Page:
Skip to content Skip to footer

A quick guide on how to combat creative block in the midst of adversity

Everyone encounters creative blocks that stop those crucial creative juices from flowing once in a while.

Having empty thoughts? One of the best ways to combat this is by consuming positive media, or whatever form of content inspires you.

If you’re struggling to make readers engage with your stories, you could try using literary devices – like metaphors, symbolism, or allegories – to create powerful and compelling stories. Scribophile mentions that literary devices are the techniques that turn a literal, step-by-step retelling of events into a rich, engaging, and memorable piece of literature.

If you’re an artist, writer, filmmaker, or some other kind of content creator, lacking ideas or drive to create is an issue that affects us all. Thankfully, here are some resources for keeping your wellspring of inspiration going.


Writing.prompt.s is an extremely useful resource for any writer out there. It is a great source for some instant ideas, general writing practice, or even just a fun read with the way their prompts are worded.

View this post on Instagram

A post shared by Writing Prompts (@writing.prompt.s) on

With a wide variety of prompts ranging across genres such as fantasy, horror, comedy, and more, writing.prompt.s has a multitude of concepts that can act as a great catalyst for a new story.

What makes them especially great is how creative and even unconventional some of the prompts can be. This is super useful for any writers looking to veer away from tropes and try to explore a new direction in their stories.

View this post on Instagram

Swipe left for a short story

A post shared by Writing Prompts (@writing.prompt.s) on

Whether it be through a brief synopsis, dialogue exchange, or opening line, writing.prompt.s is sure to help any creator get inspired with a new idea! Check them out here on Instagram!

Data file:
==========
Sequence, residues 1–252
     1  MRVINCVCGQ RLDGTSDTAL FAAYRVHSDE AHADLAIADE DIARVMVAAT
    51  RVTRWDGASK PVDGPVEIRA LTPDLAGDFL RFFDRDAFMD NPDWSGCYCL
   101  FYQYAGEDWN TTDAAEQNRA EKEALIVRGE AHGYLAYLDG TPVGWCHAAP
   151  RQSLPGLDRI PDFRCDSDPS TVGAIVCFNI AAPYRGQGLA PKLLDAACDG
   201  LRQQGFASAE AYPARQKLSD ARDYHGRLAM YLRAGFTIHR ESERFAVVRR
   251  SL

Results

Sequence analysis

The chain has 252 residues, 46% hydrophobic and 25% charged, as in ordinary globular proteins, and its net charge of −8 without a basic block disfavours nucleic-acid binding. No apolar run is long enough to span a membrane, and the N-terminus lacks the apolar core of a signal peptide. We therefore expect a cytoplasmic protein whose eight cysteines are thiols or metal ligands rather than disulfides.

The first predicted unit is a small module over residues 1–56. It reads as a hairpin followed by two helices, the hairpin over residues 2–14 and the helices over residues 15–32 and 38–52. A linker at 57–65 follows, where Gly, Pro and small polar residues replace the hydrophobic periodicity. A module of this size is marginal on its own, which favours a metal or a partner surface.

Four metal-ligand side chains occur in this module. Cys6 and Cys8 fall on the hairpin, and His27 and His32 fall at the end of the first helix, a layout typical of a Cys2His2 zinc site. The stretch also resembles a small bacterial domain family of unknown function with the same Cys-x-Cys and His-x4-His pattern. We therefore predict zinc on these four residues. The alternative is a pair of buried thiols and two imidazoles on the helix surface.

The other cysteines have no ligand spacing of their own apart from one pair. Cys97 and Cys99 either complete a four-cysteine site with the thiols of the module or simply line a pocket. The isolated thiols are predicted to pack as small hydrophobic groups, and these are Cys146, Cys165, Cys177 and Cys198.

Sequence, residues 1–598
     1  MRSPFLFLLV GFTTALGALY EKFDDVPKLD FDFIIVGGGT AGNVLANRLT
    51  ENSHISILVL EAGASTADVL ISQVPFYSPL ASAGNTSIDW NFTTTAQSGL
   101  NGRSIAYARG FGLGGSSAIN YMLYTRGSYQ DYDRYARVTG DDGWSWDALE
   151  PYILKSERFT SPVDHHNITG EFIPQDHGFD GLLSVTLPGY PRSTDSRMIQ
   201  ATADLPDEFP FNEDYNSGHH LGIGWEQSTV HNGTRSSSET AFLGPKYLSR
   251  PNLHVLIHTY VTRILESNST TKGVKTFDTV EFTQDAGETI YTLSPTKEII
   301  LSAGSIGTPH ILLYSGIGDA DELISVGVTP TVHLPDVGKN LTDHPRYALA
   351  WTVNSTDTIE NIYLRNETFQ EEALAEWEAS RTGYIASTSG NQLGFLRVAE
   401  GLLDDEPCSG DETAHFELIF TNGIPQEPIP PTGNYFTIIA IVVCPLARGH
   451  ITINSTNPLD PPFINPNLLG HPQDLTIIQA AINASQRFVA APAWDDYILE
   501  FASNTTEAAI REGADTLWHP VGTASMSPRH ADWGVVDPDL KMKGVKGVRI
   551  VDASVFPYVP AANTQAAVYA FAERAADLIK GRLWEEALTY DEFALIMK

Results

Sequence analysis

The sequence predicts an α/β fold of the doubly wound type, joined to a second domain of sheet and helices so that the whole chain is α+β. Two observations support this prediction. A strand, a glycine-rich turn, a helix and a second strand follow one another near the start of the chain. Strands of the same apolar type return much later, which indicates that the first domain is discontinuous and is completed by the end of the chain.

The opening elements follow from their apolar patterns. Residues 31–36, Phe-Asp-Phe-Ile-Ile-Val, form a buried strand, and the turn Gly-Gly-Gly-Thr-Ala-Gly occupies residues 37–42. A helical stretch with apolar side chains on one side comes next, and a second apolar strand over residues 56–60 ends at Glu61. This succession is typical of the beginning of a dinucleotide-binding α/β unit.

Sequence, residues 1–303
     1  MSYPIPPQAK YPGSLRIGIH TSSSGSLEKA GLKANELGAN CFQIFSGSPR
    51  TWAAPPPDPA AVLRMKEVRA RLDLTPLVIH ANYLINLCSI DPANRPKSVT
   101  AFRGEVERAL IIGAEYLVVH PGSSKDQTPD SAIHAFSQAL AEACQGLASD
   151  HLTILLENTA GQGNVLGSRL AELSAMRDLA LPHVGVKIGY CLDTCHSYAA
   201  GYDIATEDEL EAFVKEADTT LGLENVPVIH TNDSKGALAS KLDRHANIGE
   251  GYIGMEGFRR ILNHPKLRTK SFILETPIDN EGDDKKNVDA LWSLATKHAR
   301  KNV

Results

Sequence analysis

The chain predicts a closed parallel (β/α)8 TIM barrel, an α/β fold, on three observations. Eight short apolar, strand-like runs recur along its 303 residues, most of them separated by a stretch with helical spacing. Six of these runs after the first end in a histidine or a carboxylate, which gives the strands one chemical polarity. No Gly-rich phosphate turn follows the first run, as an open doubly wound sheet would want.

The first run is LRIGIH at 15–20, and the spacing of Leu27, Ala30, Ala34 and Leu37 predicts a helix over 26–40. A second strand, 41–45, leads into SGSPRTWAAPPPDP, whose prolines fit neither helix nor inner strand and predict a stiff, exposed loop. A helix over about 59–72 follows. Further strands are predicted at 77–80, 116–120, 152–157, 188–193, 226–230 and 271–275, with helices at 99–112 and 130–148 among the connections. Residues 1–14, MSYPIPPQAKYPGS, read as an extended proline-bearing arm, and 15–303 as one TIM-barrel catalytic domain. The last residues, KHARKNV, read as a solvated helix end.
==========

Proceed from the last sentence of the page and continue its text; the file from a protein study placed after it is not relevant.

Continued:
Art Fight!

The annual event of Art Fight truly exemplifies the art of war. Art Fight places contestants on opposing teams where they “attack” and “defend” against the other team with only one weapon: their artwork.

Don’t worry, this isn’t a blood sport by any means. On the contrary, it’s a great way to have an excuse to draw on a frequent basis, practice your art, and receive gifts of artwork in return. Contestants on each team, the theme of which varies each year, draw various original characters that belong to members of the opposite side. 

The goal of the event is this: members draw a character belonging to a user on the opposing team as an “attack.” This art attack can either be countered with a “defense” sent back to the original sender, or a recipient can attack another member of the opposite side. Each piece of art creates a point for a team, and the team with the most points wins.

One of the joys of being a content creator of any sort is the opportunities you have to surround yourself with other creative individuals. Art Fight provides the chance to do exactly that.

Not only do you get to inspire others by drawing art of their own original characters, but you’ll get to see others draw your characters too! Nothing beats the happy feeling of someone taking the time to draw something inspired by your work.

The start and sign up deadline for the event is July 1 and lasts for the whole month. Check out Art Fight’s official website for more information and the latest updates on this yearly event. You can also find them on Twitter and Discord to connect with other artists involved in the event.


ZenWriter is a fantastic resource for writers, especially if you have issues with getting distracted by other things on the internet. It’s an online program meant to provide a distraction-free writing workspace.

The site may look like just a simple writing program at first glance, but a quick click of the sidebar reveals the features that set this site apart from most other word processing software. Not only can you change the color scheme of the website to a day or night theme depending on your visual tastes, but you can also alter your font, choose whatever fire music you want, and even have a sound effect play with every letter you type. Do you want to pretend you’re typing on an old typewriter while listening to soft, classical music? Go for it.